“What, uh, what do you need a hammer for?”

“Breaking my piggy bank.”

“Why would you do that?”

“To get more money for things I still want at the book fair.” (I wish so much that I had responded, “Unfinished business” in a menacing way. Probably woulda blown his mind.)

“I thought you were saving that money for college, so you can be a policeman.”

(They let me keep on believing a college degree was always necessary to become a man of the law for, like, years.)

“FBI agent in the X-Files department, actually.”

(I would need at least a bachelor’s for that gig, and probably more. Mulder went to Oxford and they were still always trying to kick him out.)

“Right. That.”

I walked over to his tool bench to retrieve the hammer and he stopped me, handed me another $5.

“Don’t break your piggybank,” he said. “Save it for a rainy day.”

I thought rainy days were for reading in self-imposed solitude as a substitute for bursting out into random weeping bouts for no reason you could properly articulate, but figured I could accommodate a few minutes to smash the shit out of a porcelain pig next time a storm came ‘round.

“Also,” he added, “you don’t have to break it. It has a plug at the bottom where you can shake the cash and change out.”

Well shit. The more you know, I guess. Seemed like this plug situation took away from the whole piggy bank experience, conceptually, though. Ceremoniously shattering it at some point was supposed to be what it was all about.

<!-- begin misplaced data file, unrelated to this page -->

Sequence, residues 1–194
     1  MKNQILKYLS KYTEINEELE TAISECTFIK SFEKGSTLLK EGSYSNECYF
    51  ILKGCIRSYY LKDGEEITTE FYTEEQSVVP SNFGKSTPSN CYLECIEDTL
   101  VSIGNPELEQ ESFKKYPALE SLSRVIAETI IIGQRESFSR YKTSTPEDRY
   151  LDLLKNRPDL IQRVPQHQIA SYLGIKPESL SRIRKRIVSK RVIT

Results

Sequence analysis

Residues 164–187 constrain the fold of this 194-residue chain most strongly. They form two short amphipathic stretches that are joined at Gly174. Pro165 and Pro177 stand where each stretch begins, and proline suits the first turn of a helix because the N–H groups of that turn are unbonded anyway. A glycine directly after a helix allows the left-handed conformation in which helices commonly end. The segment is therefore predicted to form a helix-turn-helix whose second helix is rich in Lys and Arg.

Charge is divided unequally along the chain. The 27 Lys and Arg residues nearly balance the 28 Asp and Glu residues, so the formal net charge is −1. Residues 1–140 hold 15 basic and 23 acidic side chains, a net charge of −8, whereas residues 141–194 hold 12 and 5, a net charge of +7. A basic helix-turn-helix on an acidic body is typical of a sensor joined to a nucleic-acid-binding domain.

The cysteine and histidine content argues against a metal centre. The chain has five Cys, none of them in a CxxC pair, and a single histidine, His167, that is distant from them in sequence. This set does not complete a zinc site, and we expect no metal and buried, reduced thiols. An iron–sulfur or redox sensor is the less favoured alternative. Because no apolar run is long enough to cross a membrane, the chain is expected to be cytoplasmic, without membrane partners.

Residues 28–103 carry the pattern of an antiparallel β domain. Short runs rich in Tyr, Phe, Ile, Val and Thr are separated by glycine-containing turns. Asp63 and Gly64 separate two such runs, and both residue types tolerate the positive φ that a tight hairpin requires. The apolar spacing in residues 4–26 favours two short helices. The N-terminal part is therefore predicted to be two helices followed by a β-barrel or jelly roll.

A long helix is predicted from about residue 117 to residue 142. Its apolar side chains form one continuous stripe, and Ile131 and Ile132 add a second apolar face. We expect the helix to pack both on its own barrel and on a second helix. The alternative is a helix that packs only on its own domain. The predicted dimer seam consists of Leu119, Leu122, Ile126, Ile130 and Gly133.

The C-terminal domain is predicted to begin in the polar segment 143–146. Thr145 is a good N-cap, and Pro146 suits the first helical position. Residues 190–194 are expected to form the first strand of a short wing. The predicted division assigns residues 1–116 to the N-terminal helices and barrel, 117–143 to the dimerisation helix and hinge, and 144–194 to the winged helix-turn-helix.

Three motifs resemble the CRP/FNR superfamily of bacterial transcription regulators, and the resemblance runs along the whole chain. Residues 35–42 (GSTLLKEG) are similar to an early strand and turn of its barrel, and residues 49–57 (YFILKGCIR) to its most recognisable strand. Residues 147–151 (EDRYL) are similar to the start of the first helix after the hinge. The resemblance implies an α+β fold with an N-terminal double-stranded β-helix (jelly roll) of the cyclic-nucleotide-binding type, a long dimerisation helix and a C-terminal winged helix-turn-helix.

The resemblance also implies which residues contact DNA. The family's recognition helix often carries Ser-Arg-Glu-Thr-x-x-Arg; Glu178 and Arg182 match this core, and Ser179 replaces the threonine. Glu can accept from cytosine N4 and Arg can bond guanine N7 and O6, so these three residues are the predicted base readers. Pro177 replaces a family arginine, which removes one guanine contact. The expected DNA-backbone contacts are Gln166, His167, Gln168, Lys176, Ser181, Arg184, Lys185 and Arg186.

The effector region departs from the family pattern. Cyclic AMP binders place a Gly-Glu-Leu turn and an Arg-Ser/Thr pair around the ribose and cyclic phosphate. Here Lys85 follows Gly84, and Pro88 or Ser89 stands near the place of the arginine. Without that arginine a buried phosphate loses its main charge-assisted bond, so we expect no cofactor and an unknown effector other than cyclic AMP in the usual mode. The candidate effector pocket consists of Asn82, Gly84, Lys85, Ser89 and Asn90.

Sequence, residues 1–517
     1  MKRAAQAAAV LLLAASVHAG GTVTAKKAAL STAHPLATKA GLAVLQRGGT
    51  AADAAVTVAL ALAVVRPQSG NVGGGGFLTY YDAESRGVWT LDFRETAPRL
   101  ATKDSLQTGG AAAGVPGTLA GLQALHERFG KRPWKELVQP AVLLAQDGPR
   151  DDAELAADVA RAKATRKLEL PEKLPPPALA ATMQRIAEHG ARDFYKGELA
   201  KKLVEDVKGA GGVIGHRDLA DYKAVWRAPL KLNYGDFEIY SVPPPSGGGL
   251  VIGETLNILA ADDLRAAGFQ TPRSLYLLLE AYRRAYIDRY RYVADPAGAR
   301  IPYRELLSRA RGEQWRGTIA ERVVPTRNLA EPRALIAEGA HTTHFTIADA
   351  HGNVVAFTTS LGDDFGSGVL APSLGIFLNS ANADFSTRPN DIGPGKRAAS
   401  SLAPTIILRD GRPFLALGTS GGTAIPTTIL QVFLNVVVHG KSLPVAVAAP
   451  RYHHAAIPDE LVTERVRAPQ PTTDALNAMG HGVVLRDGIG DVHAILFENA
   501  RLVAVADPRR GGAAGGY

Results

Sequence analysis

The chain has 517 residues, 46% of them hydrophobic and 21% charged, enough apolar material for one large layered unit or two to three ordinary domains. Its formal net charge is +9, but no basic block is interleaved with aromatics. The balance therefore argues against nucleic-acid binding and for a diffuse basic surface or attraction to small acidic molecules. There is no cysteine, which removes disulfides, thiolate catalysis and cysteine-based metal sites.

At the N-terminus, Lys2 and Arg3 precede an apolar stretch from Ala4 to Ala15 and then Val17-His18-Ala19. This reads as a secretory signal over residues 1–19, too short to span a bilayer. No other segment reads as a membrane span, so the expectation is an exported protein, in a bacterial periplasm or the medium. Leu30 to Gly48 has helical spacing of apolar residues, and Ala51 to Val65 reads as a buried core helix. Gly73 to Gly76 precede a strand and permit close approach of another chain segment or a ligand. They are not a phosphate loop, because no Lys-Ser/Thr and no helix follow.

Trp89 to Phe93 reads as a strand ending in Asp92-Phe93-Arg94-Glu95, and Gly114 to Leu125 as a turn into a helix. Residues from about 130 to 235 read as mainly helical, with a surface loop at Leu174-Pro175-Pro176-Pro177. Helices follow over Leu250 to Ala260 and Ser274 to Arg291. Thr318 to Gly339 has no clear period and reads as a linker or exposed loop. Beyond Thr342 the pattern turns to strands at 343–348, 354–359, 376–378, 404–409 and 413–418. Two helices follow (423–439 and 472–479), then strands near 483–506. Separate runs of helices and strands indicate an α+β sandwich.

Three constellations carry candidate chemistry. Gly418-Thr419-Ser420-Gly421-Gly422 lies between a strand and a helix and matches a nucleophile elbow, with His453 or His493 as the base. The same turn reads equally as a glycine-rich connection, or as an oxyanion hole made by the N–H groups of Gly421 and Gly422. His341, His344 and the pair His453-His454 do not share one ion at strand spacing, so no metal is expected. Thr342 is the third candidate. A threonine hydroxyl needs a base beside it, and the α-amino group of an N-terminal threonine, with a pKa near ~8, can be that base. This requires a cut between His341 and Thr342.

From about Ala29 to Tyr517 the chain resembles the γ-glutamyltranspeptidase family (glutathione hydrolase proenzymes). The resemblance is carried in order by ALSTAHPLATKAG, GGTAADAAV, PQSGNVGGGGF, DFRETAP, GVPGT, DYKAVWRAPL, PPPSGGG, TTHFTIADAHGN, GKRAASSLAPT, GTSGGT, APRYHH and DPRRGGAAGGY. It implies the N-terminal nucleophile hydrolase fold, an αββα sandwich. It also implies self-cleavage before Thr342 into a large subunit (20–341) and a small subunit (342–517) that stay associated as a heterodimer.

The next day, I had another pretty solid showing, coming out with the cream that had risen to the top of my wish list while remaining within budget — as I did not have the option to go over. Not like I could bust out my Diner’s Club card. This was the end of the line unless I could pick up some quick income ghostwriting a love note or something, which would probably mean working through recess, and that’s never ideal. I’d exhausted every other option I could think of, unless I hit up the grandparents, and they were already too generous to me in general, so I refrained. I guess I hadn’t yet devolved to the shark-like mindset of a power investor or used car salesman, and felt that was commendable.

I’d go back the third and final day, mostly to advise any of my friends who still had some dough to blow. Even if I could only look slightly longingly at the selections that hadn’t made my cut, I reasoned all the research I’d put in and my near-encyclopedic knowledge of many popular series, including Encyclopedia Brown, should be shared.

Once I came down from the enduring high of book fair week, like when you need a vacation from your vacation, I got to the serious business of plowing through each and every book that I’d stuffed into my Ghostbusters backpack. I didn’t buy ’em to look at ’em. Well, I guess reading is technically a really intense and long version of looking at something, but you know what I mean. They weren’t for decoration. I did this in about a week and change. If Goodreads had existed back then, I might have single-handedly made it explode by way of my frequent updates to the “Read” pile. (To be fair, Goodreads still explodes with regularity in current times, so this wouldn’t have been too tough to achieve back in the halcyon days of dial-up connections that were always cut off because someone had to use the phone, goddamnit.)